Nicholson Baker’s zany new novel, The Anthologist (Simon & Schuster, $25), is a beguiling love story about poets that everyone who writes or reads lyrical verse will savor. Narrator Paul Chowder, a published poet, struggles against his writer’s block to compose a preface to a poetry anthology. In the process, he obsesses over poetry and life with humor and pathos: “Poetry is a controlled refinement of sobbing….The rhyming of rhymes is a powerful form of self-medication.…Rhyming is the avoidance of mental pain by addicting yourself to what will happen next.” Chowder instructs his readers to write down and recite aloud every poem they encounter. I found in my reading that I was so enchanted with some of Chowder’s aphorisms that I was writing those down as well.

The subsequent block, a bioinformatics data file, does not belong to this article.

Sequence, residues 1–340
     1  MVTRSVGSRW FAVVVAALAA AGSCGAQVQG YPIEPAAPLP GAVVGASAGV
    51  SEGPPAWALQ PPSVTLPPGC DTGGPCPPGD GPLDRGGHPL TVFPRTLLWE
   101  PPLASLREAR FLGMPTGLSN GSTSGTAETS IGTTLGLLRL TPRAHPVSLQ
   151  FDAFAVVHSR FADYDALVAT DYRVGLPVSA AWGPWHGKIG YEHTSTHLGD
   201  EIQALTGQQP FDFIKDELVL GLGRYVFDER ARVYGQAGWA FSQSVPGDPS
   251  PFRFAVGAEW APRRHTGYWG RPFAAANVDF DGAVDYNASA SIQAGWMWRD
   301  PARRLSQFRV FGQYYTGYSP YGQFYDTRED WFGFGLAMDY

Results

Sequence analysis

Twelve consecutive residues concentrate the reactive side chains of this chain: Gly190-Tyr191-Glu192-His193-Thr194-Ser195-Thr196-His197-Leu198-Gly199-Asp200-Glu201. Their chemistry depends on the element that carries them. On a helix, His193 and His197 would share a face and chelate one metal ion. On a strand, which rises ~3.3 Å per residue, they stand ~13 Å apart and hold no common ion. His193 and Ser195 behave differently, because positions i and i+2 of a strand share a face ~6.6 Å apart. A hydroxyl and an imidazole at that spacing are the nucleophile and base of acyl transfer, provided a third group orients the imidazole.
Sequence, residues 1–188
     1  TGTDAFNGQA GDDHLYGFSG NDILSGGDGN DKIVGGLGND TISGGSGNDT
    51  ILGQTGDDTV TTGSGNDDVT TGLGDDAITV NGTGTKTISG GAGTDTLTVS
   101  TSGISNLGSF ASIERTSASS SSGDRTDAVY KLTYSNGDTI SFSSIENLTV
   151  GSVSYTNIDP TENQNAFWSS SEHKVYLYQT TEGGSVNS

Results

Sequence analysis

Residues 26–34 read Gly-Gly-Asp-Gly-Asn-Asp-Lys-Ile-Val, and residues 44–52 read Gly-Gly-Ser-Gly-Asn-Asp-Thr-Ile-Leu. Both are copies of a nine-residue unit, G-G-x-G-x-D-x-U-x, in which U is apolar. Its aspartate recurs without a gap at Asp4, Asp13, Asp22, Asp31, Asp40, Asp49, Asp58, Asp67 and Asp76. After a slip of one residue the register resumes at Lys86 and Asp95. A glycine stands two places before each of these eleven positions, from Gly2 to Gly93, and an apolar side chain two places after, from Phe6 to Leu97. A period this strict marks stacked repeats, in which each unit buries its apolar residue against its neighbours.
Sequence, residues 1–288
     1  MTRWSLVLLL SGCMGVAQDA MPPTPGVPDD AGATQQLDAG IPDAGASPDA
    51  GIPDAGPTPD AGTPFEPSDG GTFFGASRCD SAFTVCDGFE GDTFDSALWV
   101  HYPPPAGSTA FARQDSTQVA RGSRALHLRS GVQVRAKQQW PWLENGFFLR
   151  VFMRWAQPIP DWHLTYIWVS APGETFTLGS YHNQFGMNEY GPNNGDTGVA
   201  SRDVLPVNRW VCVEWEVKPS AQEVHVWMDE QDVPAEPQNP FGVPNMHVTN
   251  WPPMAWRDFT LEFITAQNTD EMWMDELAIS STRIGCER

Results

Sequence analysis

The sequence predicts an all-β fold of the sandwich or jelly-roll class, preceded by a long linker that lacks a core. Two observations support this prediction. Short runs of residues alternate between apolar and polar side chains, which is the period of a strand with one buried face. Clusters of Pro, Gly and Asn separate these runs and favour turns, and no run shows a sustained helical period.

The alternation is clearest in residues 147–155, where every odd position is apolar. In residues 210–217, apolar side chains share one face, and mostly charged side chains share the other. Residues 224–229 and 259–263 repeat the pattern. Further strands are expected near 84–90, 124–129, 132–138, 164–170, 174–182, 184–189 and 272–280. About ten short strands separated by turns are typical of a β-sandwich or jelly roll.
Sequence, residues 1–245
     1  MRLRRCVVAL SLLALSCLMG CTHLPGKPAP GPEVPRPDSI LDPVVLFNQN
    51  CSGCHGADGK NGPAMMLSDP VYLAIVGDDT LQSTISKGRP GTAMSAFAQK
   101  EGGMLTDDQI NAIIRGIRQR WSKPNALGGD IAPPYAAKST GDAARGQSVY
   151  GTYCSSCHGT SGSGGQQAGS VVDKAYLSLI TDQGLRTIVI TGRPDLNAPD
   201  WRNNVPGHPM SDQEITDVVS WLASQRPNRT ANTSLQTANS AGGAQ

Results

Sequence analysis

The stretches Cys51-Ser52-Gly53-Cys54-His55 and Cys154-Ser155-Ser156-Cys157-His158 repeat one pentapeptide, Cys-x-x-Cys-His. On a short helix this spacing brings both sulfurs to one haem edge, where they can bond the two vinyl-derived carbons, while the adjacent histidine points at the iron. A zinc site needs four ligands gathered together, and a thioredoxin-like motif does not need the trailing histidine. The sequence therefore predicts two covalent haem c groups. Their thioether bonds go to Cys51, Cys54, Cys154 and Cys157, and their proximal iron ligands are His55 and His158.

Patsy MacLemore is the perfect modern woman with her wit, brains, and recklessness. A history professor at a local college near Pasadena, she has a severe drinking problem. She wakes up in jail following a spree and discovers that she has killed two people. Convicted of negligent homicide she is sentenced to two years in jail. Much of Blame (Farrar, Straus & Giroux, $25) is about her prison years when she joins AA; after serving her sentence, she marries a much older man who is the den father to the local AA. Her struggle to locate herself and her feelings is aided by a wise therapist. Patsy’s story might seem clichéd if Michelle Huneven had not written such a lively, absorbing story with surprising twists and turns.
With his new novel, That Old Cape Magic (Knopf, $25.95), Richard Russo takes us back to New England and the intimate details of family life. Told through the filter of wedding weekends a year apart, this story unfolds like the best memories, simply at first, then quickly turning in on itself. Russo plays with dualities of all orders and, perhaps most strikingly, manages to capture the essential quandary of summer—the feeling of endless possibility mixed with inescapable impermanence. He shows us that experiences are almost always sweeter in the remembering; and that, for many of us, it’s the looking back that matters most.